The Race For Beer With All Local Ingredients

Rich Vandenburgh of Greenport Harbor Brewing Company wants to spur a generation of truly local beer on Long Island. 


Rich Vandenburgh of Greenport Harbor Brewing Company doesn’t just want to bring Southold Town its first brew pub, the North Fork entrepreneur says he wants to spur a generation of truly local beer on Long Island. This autumn, Vandenburgh proved his dedication to the cause by planting four acres of malting barley in a fallow sod field across the street from the brewery’s second location-to-be, a site he hopes one day will also include its own malt house.

A number of East End breweries have been making beer with fresh, local hops for a year now, but the race is still on for who will be first on Long Island to make beer entirely from ingredients grown in New York—and if Vandenburgh is successful in his efforts to locally grow barley, it appears as if he’ll take it.

“This was kind of a test, you know, to see how well it goes and how difficult it is,” he says of this fall’s planting, which will only provide him with 2,500 pounds of malting barley, or enough for about 60 kegs of beer, provided weather conditions are favorable. “It’s not a tremendous amount of beer, but my attitude is, ‘you gotta start somewhere.’”

After buying 400 pounds of the grain, Vandenburgh says he initially planned to plant his barley in the Mattituck potato fields of Marty Sidor until vegetable and potato specialist Sandy Menasha of Cornell Cooperative Extension of Suffolk County advised him to seek out a sod or vegetable farmer instead.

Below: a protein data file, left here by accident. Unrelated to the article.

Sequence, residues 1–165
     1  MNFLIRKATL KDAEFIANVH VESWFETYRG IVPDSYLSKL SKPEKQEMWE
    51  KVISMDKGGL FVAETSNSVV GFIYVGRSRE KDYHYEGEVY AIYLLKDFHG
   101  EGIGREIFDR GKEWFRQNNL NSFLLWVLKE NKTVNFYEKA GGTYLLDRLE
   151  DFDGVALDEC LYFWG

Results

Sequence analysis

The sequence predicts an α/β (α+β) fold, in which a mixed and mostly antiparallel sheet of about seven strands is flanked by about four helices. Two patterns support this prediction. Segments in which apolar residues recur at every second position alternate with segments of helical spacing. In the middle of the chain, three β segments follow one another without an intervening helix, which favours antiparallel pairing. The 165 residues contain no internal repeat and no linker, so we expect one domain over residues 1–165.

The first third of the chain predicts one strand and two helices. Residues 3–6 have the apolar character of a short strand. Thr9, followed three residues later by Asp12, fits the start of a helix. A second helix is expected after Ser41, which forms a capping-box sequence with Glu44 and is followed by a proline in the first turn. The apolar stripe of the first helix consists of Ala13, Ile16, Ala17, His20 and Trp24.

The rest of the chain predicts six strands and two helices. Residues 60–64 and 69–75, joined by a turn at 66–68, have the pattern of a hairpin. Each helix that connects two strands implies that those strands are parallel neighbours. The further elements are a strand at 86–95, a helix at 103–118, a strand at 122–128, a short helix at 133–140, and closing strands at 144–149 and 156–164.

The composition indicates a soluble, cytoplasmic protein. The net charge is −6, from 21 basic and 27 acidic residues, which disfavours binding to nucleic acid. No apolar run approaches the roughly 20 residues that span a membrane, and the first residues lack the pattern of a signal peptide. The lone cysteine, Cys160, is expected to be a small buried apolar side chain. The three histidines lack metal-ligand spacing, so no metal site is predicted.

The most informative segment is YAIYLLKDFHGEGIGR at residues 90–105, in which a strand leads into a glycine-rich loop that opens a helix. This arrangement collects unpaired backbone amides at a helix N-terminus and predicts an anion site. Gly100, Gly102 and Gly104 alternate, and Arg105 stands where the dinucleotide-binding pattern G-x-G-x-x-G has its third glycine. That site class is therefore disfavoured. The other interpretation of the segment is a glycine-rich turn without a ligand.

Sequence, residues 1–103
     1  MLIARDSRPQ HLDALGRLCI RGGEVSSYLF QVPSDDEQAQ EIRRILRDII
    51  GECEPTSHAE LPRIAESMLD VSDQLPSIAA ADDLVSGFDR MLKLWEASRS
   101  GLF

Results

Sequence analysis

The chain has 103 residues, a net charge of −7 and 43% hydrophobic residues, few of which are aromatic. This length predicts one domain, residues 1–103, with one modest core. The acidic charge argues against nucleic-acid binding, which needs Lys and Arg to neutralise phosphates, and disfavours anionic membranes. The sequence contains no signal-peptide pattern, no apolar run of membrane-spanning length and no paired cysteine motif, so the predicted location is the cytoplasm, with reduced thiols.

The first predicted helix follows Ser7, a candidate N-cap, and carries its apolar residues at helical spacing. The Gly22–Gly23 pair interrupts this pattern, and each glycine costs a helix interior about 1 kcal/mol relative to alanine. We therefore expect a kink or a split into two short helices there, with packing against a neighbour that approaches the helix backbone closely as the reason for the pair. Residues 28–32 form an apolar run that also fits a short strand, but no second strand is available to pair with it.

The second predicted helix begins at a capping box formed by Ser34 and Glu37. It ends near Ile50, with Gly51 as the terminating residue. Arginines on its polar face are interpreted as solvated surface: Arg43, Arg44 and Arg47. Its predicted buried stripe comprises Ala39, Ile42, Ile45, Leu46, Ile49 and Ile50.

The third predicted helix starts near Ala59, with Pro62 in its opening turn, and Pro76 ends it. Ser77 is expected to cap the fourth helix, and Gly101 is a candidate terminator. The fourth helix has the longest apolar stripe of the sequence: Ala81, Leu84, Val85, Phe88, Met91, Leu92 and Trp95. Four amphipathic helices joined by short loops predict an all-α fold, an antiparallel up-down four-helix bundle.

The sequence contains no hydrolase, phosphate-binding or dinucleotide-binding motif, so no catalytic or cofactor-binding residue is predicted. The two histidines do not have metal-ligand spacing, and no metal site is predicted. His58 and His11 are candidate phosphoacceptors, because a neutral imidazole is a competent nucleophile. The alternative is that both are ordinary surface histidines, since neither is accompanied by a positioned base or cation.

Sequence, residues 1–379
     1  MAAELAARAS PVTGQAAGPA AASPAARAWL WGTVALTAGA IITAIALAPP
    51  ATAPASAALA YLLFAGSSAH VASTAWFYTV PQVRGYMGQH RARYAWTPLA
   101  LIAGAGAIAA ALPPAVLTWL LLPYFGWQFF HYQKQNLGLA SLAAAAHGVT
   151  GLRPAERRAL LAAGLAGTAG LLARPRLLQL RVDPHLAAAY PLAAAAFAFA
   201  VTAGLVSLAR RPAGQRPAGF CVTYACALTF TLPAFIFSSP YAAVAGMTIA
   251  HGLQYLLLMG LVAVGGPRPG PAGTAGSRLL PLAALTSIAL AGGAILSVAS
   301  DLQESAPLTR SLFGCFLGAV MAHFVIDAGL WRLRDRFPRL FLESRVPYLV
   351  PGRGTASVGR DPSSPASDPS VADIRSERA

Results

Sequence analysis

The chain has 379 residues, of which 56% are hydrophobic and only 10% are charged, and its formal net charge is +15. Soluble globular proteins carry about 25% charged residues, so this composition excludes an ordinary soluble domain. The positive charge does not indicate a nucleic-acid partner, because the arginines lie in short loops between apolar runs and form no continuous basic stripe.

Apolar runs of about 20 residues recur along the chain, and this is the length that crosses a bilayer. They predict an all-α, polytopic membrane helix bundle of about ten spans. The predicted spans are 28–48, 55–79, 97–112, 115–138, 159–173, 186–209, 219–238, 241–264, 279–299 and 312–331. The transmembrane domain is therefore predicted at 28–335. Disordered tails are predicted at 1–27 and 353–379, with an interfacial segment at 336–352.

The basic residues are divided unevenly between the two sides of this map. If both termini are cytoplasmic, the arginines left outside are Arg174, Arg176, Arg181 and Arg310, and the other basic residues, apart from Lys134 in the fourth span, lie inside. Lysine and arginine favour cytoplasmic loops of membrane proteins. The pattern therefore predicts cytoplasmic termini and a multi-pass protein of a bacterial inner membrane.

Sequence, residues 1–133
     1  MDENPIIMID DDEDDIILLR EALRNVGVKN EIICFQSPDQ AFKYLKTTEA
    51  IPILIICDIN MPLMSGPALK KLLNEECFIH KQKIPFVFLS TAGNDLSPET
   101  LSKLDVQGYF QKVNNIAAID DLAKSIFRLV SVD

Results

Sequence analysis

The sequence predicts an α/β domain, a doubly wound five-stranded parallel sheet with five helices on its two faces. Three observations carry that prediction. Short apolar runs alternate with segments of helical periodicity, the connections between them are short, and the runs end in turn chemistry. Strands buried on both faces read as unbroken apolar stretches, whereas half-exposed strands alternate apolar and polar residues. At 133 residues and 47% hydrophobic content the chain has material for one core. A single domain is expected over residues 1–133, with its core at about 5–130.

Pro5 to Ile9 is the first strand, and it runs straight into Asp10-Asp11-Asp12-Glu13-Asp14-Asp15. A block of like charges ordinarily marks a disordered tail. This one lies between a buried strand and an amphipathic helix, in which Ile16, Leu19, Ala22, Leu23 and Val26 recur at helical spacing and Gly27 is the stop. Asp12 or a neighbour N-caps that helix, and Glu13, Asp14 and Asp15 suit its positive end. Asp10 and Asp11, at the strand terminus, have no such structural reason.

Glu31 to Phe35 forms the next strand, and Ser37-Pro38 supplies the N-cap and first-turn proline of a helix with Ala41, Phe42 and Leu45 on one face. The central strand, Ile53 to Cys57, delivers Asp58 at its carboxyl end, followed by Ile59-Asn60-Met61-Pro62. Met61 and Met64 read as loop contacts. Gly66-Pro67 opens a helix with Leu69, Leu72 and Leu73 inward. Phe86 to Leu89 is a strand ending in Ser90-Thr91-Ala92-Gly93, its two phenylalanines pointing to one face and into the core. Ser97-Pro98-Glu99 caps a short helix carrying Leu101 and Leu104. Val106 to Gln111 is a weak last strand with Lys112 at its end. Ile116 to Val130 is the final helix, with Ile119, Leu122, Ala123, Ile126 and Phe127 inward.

“The ideal pH for barley is about six and a half, and it was going to cost us about $3,000 to get Marty’s soil up to that from about five or five and a half,” says Vandenburgh. “Then it turned out Briarcliff Sod had a field directly across from us that they were planning to leave fallow for the winter, and Don very generously let us use it.”

Vandenburgh says he hopes to drink the results of his experimental acreage next fall around the time of the local hop harvest. Though barley is harvested in mid-July, the grain still needs to be shipped upstate for a lengthy malting process. “Someday I want to establish a malthouse—even in Peconic on our own property—to make grain on Long Island,” he says. “That would be the cool part, to do it from A to Z.”

For now, Vandenburgh is still working on going from A to B by opening his second brewery.

“We’re hoping to get the equipment in by January and hope to be brewing by April 1,” he says. “The pub part with a restaurant and food will be more into the summer season.”